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Old 09-10-2018, 08:25 AM   #11
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I use Kotlikoff's software and it's been a great tool for my early retirement. However, in opposition to his point of view, here is what I believe to be true:

1) The US Government is the bank to the world. Similiar to the bank in a game of Monopoly, it is impossible for the bank to go bankrupt. As per the game instructions, if the bank runs out of the supplied money pieces, it can use any substitute as money, i.e. skittles, m&m's, playing cards, or make its own from paper. Either way, no matter what deals the players make, the bank can never not supply the funds for a transaction.

2) The debt will continue to grow in nominal value, and although politicians will use this fact to manipulate the population, it is built in to our current economic system of fiat money.

3) There will always be winners and losers in the economy during both expansions and recessions, but catastrophic failure of the system, I'm not holding my breath. Take the 2008 collapse for example, lots and lots of doom and gloom, but in the end the "bank" produced $700B out of thin air that it didn't have and voila', the system continued on. Same with funding war adventures such as Iraq 2003.

I may be naive and wrong on all this, but that's my story and I'm sticking to it. Been sleeping pretty well since I stopped buying in to all the doom and gloom associated with the economy and government debt.
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Old 09-10-2018, 08:31 AM   #12
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My simplistic approach on trying to understand this and wrapping my head around bankruptcy...

- US debt is just over 100% of GDP... so if I made $100k, my debt is just over $100K..
- the interest payments is 3.5+% of GDP to growing quickly based on new tax reforms... I wonder what that number is relative to what the US government collects

The first point isnít bad IMO but the second point worries me especially since the economy is currently humming
But if you had $10 million in assets behind you would you really worry about the fact that your debt equals all that you make? I know I wouldn't.
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Old 09-10-2018, 08:51 AM   #13
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+1 Let's say that you have $20k of income and $20k of debt at 3.5% with a 15 year amortization... the annual payments would be $1.7k or 8.6% of your income... quite affordable given that most lenders would allow someone to have much more debt.

Now, just multiply each of those numbers above by $1 billion and you will have the GDP and debt of the U.S.
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Old 09-10-2018, 09:02 AM   #14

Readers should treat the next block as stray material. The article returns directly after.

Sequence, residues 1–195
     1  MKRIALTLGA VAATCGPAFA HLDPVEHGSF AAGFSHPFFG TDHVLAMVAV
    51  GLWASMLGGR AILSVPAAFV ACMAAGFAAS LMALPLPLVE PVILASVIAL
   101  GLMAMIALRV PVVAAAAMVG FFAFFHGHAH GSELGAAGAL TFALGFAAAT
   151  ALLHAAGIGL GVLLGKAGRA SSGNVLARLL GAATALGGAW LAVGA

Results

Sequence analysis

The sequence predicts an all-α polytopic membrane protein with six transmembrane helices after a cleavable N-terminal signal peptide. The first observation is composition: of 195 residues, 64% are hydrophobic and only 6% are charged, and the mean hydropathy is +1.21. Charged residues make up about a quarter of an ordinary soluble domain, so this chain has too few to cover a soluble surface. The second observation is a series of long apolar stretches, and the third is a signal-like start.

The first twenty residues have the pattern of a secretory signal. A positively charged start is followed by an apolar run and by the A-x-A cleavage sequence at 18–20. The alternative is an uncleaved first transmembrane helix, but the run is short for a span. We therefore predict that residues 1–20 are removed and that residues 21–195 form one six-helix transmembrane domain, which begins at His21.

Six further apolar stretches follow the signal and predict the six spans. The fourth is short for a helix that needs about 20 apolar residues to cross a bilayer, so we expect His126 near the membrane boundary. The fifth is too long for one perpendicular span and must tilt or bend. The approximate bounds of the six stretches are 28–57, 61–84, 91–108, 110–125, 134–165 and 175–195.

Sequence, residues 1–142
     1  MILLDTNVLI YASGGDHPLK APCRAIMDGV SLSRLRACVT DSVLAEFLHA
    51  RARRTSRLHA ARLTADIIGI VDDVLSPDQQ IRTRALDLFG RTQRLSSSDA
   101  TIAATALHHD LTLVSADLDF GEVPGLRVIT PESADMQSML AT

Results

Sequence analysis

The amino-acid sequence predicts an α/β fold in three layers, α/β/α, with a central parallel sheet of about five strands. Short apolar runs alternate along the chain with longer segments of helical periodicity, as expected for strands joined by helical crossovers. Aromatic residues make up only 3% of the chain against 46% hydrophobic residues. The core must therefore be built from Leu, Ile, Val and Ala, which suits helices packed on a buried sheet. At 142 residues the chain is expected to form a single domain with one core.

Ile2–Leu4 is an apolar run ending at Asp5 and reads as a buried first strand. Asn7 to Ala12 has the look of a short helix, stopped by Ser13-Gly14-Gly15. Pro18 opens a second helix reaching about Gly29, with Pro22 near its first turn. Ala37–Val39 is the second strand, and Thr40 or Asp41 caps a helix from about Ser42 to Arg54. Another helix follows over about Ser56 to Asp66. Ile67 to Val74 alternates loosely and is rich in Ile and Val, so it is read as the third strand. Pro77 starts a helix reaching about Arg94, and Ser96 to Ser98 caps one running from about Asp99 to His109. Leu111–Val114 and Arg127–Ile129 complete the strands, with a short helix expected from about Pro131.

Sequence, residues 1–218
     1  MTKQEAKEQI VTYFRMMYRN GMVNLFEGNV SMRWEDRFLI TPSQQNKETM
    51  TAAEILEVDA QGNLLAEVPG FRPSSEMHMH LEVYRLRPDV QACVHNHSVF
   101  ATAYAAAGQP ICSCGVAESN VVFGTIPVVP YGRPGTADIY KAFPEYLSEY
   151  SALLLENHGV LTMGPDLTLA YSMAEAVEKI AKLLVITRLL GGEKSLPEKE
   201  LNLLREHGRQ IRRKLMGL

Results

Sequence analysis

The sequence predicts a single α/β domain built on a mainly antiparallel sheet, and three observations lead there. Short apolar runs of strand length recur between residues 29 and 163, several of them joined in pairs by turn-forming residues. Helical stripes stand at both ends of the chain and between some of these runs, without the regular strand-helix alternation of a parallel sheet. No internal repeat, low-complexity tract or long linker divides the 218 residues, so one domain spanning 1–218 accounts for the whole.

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+1 Let's say that you have $20k of income and $20k of debt at 3.5% with a 15 year amortization... the annual payments would be $1.7k or 8.6% of your income... quite affordable given that most lenders would allow someone to have much more debt.

Now, just multiply each of those numbers above by $1 billion and you will have the GDP and debt of the U.S.
But ... the US is not paying its debt down. It is constantly increasing its borrowing while making interest-only payments. So unless you are also multiplying 15 by a billion to get a 15 billion year amortization, the comparison falls down.


I am still optimistic that my non-US investments will prosper as the world knocks the value of the dollar down. When? I don't know.
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Old 09-10-2018, 09:02 AM   #15
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+1 Let's say that you have $20k of income and $20k of debt at 3.5% with a 15 year amortization... the annual payments would be $1.7k or 8.6% of your income... quite affordable given that most lenders would allow someone to have much more debt.

Now, just multiply each of those numbers above by $1 billion and you will have the GDP and debt of the U.S.
I think on of the points being made and it is also shown on the debt clock is that itís more than just the debt. Itís all of the unfunded obligations. In particular, the cost of Medicare for the baby boom about to move through the system. Not to mention the 25% potential cut in SS that weíve discussed here thatís labeled as a shortfall. Add to that public pensions, and I worry. Of course Iím a worrier.

U.S. National Debt Clock : Real Time
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Old 09-10-2018, 09:06 AM   #16